Your doctor or optometrist will check your vision. They may need to use special equipment to thoroughly examine your eye. They may need to arrange an x-ray or CT scan to check whether an object has entered your eyeball. They will then remove the object.

Scratches on your eye will heal by themselves. You may need to wear an eye patch or use eye drops from your doctor for a few days.

If you have a chemical in the eye, your doctor or optometrist will flush it out and give you pain relief. You may need to see an ophthalmologist (eye specialist).

While your eye is healing:

  • Try not to rub or scratch your eye, even if it's painful or itchy. Scratching can irritate your eye and make the injury worse.
  • Try not to touch your eyes with dirty hands and fingers. This may cause an infection. Wash your hands in warm soapy water and dry them before and after touching your eye.
  • If you are in pain, get advice on the pain relief medicines you can take.
  • If your eye area is bruised, hold an ice pack against it to reduce swelling. A frozen bag of peas wrapped in a tea towel makes a good ice pack. The bag of peas can be repeatedly re-frozen but you must not then eat the re-frozen peas.
  • If you have an injury to your eye you should avoid wearing contact lenses until the injury has healed. Try to wear your glasses instead.
  • Wear dark glasses for the next couple of days.

Can an object in the eye be prevented?

It's important to always protect your eyes. If you're in an environment where there's a risk of getting objects in your eyes wear a:

  • face visor
  • pair of wrap-around goggles

Risks in your workplaces may be:

  • chemicals
  • dust
  • metal fragments
  • small wood chips

It's a good idea to speak to your employer about preventing injuries in your workplace.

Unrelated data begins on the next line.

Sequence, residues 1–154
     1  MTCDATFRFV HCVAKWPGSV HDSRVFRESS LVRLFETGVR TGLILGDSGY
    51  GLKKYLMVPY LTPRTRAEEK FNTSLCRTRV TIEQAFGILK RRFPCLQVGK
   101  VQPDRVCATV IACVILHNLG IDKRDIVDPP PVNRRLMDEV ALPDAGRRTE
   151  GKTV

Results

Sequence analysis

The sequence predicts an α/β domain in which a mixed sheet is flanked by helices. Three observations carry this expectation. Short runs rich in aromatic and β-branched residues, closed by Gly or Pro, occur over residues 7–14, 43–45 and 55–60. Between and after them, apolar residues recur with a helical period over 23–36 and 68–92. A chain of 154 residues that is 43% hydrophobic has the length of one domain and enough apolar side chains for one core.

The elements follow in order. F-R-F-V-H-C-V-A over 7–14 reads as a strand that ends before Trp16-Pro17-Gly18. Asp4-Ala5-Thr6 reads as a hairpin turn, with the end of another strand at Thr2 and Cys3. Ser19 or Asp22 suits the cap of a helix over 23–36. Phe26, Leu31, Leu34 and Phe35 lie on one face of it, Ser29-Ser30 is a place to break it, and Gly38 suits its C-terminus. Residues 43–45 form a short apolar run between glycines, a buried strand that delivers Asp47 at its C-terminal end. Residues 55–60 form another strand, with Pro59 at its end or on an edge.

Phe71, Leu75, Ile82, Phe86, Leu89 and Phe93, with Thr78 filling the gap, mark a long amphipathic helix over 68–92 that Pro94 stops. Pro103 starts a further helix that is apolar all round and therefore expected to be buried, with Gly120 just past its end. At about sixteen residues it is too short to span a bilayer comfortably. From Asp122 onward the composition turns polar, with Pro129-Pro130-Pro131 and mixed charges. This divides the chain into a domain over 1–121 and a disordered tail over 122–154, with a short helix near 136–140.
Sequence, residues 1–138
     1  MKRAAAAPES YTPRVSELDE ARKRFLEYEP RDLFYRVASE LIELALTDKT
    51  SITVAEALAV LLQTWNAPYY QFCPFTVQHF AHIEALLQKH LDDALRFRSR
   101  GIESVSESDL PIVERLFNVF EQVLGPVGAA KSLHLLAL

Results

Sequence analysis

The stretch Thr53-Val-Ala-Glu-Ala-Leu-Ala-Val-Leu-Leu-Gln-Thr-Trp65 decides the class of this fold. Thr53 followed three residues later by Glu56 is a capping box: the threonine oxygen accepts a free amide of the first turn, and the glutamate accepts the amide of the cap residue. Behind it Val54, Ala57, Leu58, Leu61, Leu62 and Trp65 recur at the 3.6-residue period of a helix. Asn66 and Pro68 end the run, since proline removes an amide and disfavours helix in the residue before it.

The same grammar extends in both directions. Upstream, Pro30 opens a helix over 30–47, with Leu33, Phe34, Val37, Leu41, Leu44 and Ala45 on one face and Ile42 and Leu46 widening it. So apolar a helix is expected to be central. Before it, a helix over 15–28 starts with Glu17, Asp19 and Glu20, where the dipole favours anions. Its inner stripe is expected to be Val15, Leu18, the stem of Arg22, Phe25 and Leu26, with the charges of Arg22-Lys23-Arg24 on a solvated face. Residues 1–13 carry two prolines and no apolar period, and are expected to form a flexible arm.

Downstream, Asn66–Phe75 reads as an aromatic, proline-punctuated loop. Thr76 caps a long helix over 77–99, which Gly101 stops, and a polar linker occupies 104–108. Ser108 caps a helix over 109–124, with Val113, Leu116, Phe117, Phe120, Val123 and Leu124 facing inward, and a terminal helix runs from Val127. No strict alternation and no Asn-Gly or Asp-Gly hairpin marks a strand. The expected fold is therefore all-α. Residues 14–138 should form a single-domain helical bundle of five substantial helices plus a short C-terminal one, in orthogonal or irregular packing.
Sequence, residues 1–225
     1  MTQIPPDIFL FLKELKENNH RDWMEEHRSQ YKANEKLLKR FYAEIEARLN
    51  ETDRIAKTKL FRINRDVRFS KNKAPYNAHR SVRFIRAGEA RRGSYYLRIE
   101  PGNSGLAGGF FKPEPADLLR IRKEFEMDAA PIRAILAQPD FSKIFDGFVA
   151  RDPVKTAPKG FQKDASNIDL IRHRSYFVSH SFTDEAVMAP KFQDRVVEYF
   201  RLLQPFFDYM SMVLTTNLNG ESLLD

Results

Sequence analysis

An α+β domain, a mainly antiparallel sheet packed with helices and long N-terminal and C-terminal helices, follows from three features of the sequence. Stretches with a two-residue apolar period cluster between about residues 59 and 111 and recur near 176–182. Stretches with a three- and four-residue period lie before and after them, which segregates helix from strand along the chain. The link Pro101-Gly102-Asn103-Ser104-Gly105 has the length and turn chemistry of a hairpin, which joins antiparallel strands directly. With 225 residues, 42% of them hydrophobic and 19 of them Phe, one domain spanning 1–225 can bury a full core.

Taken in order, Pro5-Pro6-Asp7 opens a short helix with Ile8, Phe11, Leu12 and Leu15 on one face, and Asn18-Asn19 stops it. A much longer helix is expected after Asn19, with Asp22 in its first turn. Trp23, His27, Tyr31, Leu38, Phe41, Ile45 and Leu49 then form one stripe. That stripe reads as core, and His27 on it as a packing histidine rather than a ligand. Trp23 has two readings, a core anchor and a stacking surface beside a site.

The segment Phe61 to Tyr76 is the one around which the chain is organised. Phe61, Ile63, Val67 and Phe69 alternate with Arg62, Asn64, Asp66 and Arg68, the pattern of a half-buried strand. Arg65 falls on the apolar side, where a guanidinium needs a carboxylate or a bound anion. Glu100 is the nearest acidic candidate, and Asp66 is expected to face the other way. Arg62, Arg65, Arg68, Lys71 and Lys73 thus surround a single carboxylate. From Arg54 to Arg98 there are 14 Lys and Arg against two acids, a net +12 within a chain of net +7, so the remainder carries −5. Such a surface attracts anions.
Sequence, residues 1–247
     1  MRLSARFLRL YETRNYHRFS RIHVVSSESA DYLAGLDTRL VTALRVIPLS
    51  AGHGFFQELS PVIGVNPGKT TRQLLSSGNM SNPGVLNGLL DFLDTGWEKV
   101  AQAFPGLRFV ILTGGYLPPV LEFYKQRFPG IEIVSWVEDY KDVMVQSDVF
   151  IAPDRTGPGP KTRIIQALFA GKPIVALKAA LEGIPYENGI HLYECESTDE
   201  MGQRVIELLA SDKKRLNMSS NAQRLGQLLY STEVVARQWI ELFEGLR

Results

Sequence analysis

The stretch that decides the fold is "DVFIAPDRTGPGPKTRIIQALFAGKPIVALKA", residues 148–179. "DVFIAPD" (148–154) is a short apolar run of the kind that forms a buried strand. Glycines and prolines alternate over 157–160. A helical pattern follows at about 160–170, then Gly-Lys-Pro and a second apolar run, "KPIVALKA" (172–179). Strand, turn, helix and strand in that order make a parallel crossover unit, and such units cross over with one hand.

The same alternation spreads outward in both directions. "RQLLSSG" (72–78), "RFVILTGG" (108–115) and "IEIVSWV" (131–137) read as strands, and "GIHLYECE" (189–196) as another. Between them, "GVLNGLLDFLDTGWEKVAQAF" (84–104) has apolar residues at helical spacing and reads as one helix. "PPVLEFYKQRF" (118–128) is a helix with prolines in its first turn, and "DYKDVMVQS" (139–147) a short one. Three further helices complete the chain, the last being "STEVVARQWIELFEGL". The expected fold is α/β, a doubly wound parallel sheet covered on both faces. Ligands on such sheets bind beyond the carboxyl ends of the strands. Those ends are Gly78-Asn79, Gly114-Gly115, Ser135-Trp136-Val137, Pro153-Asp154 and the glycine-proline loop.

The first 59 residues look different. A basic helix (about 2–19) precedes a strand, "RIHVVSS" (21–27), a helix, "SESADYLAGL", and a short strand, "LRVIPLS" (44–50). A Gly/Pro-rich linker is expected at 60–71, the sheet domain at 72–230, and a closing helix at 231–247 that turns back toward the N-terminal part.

In your home, use eye protection when doing woodwork or gardening — such as sawing and pruning. You should also wear googles when using pool chemicals and acids or bleaches.

If possible, teach children not to put objects into their eye.

You can also:

  • choose toys that are appropriate for the age of the child
  • be aware that toys may have small parts that can be removed
  • encourage older children to keep their toys away from younger children
  • supervise children under the age of 3 years at all times, especially when they are using sharp objects such as paper clips and scissors

What are the complications of an object or chemical in my eye?

At the time of the injury or later, you may experience:

  • pain and burning
  • red, irritated or watery eyes
  • sensitivity to light
  • a scratchy feeling when you blink
  • blurred or double vision
  • sensitivity to bright lights
  • bleeding
  • inability to open your eyelid
  • swelling

Most injuries to the eye are minor and will heal by themselves. But if the object isn't removed, it can cause infection or scarring.

If the surface of the eye is scratched it may not heal and an ulcer may form.

Getting a chemical in your eye or an object that pierces your eye is serious. It can cause a long-term injury and could lead to blindness.

Resources and support

You can call the healthdirect helpline on 1800 022 222 (known as NURSE-ON-CALL in Victoria). A registered nurse is available to speak with 24 hours a day, 7 days a week.

CHECK YOUR SYMPTOMS — Use the Eye and vision problems Symptom Checker and find out if you need to seek medical help.

Learn more here about the development and quality assurance of healthdirect content.

Last reviewed: March 2023